One of the biggest rising financial trends is the use of a SPAC to merge with and take another company public. In 2020 alone, SPAC Insider recorded an excess of US$70 billion in gross proceeds from more than 200 SPACs. A special-purpose acquisitions company is a shell company that is set up solely to raise capital through an IPO to acquire an existing company. Formerly known as "blank check companies”, SPACs are not new to the market. They were called "blank check companies" because investors had no idea what company they would ultimately be investing in. They have existed for decades, operating as publicly traded companies that are used at the developmental stage. Merging or acquiring another company, their role includes fundraising and ensuring that the merging private company receives the SPAC’s place in the stock market. SPACs rose in popularity during the pandemic, as many companies postponed their IPO's due to market volatility. Instead, they merged with a SPAC, reaching a favourable agreement, gaining more capital, and going public swiftly.
The Lifecycle of a SPAC
Listing a SPAC is simple; the process begins by attracting a wide range of investors through an initial public offering to buy another company. The SPAC sponsor can apply for founder securities and can also purchase additional warrants/ordinary shares. They use their industry connections to source an attractive target company for acquisition. Investors range from individuals to private equity funds. SPACs have 2 years to complete an acquisition, before investor funds must be returned.
SPAC popularity and pitfalls
This capital raising trend has become a popular way for start-ups to access investment. It’s also becoming trendy, thanks to the celebrity and business mogul uptake. In the US, SPAC hit the headlines when former NBA star Shaquille O’Neill, Martin Luther King Jnr, and three former Disney executives combined to form Forest Road Acquisition Corp SPAC. They raised US$250 million to make acquisitions in media and technology. In Hong Kong, tycoons Richard Li and Adrian Cheng are popularising SPAC. Tycoon Li Ka-shing’s younger son Richard Li has backed Bridgetown Holdings, alongside PayPal founder Peter Thiel. Their SPAC raised US$595 million last October on the Nasdaq market, in Dec 2020, it is said the duo are in the early stages of acquiring a minority stake in the Indonesian e-commerce firm Tokopedia. Similarly, New World Development’s Adrian Cheng Chi-Kong is set to list an SPAC in New York with aims to raise up to US$345million in an IPO on Nasdaq.
• SPAC can avoid the uncertainties presented when using the volatile IPO market and provide companies with capital.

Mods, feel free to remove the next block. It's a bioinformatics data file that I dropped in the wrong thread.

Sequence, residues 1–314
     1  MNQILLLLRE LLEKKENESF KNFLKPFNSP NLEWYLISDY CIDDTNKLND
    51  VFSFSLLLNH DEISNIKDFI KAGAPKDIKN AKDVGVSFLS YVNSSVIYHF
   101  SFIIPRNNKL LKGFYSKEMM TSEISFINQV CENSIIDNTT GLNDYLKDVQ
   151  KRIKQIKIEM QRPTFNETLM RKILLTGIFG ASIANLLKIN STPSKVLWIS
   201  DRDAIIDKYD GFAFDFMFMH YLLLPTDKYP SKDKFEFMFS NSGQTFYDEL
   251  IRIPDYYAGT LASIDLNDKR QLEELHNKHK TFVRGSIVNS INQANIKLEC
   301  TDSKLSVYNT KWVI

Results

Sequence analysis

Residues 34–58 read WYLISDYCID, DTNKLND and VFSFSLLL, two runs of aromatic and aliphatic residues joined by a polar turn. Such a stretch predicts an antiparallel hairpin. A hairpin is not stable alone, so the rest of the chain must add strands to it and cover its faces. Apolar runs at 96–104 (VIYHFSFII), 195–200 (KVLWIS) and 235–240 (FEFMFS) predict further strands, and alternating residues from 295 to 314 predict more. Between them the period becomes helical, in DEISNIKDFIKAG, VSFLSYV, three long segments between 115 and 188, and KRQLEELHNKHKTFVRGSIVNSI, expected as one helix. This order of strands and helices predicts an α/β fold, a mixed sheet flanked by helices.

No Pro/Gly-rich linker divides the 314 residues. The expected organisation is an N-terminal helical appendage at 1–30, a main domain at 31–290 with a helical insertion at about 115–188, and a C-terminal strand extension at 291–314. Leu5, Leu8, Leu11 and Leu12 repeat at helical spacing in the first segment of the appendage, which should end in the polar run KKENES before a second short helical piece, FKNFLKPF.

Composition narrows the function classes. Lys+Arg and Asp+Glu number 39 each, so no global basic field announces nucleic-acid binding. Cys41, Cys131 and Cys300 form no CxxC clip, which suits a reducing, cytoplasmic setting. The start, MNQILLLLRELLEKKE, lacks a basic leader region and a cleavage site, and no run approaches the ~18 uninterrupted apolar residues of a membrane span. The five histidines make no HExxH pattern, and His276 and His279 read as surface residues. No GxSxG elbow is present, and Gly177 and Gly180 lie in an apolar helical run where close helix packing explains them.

• SPAC sponsors are experienced financial and industrial professionals who can offer access to enviable network of contacts. They offer management expertise and can even open themselves up for board positions.
• Selling to a SPAC can add up to 20% on the sale price, compared to the average private equity deal.
• A SPAC merger doesn’t need to generate interest from investors in public exchanges via roadshows, so marketing costs are lower.
• Going public through a SPAC can accelerate a company’s market entry by months. There are fewer SEC comments, and the auditing process becomes shorter, due to a lack of financial statements.
• Target companies could see their acquisition rejected by SPAC shareholders.
• SPAC sponsors usually own a 20% stake in founder shares. They can also benefit from an earnout as they receive more shares when the stock price achieves a specified target over a certain time frame. This could lead to shareholder dilution.
• Complex registration and financial reporting requirements can prove troublesome.
• An accelerated SPAC public company timeline means that the target company’s management team must be publicly operational within 3-5 months of signing the letter of intent.
• SPAC sponsors have a deadline by which they must find a suitable deal, otherwise, the SPAC is liquidated, and all investors get a full refund with interest.
• Regions such as Hong Kong do not currently have regulations in place that allow SPACs to list. Nasdaq and the New York Stock Exchange accounted for 97% of last year’s SPAC funds.
One of the most high-profile SPAC mergers and acquisitions in recent years came via Richard Branson's Virgin Galactic deal. Venture capitalist Chamath Palihapitiya's SPAC Social Capital Hedosophia Holdings bought a 49% stake in Virgin Galactic for US$800 million before listing the company in 2019. Although he has since sold his remaining personal stake earlier this year, deals as such have generated major interest and bolsters the SPAC trend. They can produce massive pay deals for their creators and start-ups in emerging industries can capitalise in the lead up to the stock market. Investors, in turn, can receive swift access to promising new companies without the usual IPO scrutiny. The SPAC trend looks here to stay.